Written byFedScoop Staff
New government mandates issued at the beginning of this year require federal agencies — and the software and technology providers that support them — to meet expanded online accessibility standards.
The new “Section 508” rules, which took effect January 18, are primarily aimed at aiding seeing- and hearing-impaired users of federal websites. But they also call for agencies and technology providers to update their software for a wide range of electronic documents used for official government business, such as notifications, administrative claims, notices of benefits, employment opportunities, forms, training materials and much more.
A new FedScoop podcast interview with Deque Systems CEO and Founder Preety Kumar explores why organizations need to pay attention to the new mandates, what challenges developers are likely to face meeting them and how to meet the new standards cost effectively.
“Any technology the federal government use, buys or procures must be ‘508-refresh’ compliant,” under the new requirements, Kumar says. “So, any software vendors that sell anything to the federal government — whether it’s an on-premises software solution or an SaaS solution — will have to update their software to meet this new standard,” she noted. It will also impact system integrators as well as every federal agency. “There will be a ripple effect on state and local governments and education institutions as well.”
Based on an assessment Deque Systems conducted on the most popular federal websites, Kumar estimates there are roughly three times the number of requirements under the new standards compared to the previous set of requirements. She estimates that in terms of remediation, agencies and developers “can expect to do at least twice as much work than they had been doing in their current efforts.”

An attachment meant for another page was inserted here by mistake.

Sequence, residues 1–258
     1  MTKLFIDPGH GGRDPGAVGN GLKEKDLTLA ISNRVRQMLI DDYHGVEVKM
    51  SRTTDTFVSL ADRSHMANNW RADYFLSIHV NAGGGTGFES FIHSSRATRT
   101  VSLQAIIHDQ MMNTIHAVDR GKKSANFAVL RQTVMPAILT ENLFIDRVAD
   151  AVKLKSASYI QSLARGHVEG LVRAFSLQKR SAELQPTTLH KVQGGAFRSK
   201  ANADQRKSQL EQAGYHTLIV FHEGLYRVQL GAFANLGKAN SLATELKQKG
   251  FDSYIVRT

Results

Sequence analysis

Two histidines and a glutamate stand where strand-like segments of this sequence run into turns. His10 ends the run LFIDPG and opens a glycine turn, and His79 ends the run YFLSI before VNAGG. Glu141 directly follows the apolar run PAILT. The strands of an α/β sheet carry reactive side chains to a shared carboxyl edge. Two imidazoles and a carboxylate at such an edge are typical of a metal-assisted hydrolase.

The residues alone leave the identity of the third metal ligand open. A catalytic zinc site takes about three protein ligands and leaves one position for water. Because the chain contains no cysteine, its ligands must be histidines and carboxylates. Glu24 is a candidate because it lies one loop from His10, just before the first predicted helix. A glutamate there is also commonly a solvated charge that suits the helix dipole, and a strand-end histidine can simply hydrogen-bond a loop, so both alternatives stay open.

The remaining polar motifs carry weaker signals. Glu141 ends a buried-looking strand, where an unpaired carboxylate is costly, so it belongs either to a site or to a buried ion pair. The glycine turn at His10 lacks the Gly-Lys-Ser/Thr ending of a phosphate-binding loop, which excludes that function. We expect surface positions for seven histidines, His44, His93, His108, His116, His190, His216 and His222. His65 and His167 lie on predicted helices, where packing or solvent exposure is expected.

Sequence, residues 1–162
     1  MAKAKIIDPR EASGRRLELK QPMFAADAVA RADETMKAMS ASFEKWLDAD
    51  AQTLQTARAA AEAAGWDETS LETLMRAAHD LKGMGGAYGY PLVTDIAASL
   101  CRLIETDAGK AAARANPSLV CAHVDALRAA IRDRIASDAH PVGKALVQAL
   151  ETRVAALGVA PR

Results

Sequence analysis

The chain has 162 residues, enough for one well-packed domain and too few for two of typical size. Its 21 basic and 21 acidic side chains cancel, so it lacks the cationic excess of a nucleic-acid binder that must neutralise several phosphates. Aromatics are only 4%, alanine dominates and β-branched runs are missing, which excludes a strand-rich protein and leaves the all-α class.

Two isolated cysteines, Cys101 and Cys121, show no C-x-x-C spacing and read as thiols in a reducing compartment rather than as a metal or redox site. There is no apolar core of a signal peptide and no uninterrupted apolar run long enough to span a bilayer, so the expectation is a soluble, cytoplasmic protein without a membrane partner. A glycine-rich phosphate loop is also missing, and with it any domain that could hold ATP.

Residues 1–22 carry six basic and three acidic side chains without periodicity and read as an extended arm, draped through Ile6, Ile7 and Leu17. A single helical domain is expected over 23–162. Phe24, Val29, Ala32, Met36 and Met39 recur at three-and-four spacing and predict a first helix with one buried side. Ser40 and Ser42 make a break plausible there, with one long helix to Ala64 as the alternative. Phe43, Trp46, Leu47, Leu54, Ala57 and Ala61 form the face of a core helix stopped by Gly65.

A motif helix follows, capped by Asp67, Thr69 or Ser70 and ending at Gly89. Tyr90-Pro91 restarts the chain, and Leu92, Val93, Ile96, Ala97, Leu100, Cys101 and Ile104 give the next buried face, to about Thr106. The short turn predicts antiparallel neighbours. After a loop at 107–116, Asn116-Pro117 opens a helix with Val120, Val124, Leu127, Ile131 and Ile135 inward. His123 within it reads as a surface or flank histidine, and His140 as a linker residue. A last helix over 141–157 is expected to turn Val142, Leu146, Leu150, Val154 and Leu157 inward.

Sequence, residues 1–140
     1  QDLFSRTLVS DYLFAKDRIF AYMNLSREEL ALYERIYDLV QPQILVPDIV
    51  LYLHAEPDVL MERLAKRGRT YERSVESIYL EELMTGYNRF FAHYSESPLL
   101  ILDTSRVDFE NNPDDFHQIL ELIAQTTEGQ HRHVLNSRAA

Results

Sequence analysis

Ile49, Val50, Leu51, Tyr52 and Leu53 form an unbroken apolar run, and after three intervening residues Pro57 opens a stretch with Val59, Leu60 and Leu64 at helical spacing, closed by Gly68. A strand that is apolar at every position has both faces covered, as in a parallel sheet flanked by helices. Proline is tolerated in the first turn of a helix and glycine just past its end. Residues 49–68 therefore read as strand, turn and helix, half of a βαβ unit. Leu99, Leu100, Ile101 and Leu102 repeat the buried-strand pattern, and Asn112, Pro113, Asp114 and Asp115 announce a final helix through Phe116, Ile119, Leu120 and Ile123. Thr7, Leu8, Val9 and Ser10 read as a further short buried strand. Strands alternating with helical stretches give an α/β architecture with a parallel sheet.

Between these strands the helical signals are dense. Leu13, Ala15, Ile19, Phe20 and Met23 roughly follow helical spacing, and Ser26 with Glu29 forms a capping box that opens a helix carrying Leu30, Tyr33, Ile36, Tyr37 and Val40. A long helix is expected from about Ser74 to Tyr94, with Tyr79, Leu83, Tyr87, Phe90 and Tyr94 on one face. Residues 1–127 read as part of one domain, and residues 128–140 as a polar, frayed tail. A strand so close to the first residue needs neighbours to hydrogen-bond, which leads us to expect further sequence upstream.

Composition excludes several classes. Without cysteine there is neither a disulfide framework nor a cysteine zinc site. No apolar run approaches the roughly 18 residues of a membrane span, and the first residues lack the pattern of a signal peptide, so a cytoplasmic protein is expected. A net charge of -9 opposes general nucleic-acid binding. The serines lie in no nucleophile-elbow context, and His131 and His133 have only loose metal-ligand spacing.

Among other recommendations, she urges agencies that are currently undergoing digital transformation initiatives to “make sure your developers are building (the standards) in rather than retrofitting (them) later.” She also stresses the importance of following a “shift-left” philosophy by introducing accessibility testing into earlier stages of the development process.
Kumar noted that Deque’s open source accessibility testing tool, aXe, that provides developers a rules engine for accessibility standards, has become a de facto standard. Deque also offers a range of automation and other tools that can significantly reduce the time and expense involved in ensuring federal websites and digital documents meet the new standards. They include the guided test tool WorldSpace Assure, the compliance audit software WorldSpace Comply and the development tool WorldSpace Attest.
Kumar argues that delaying efforts to meet the new requirements “is actually a lost opportunity. Why would you want to exclude the largest minority in the U.S. from being able to participate? And that’s what you would be doing by not considering these requirements,” she says.
This article and podcast were written and produced by FedScoop for, and sponsored by, Deque Systems.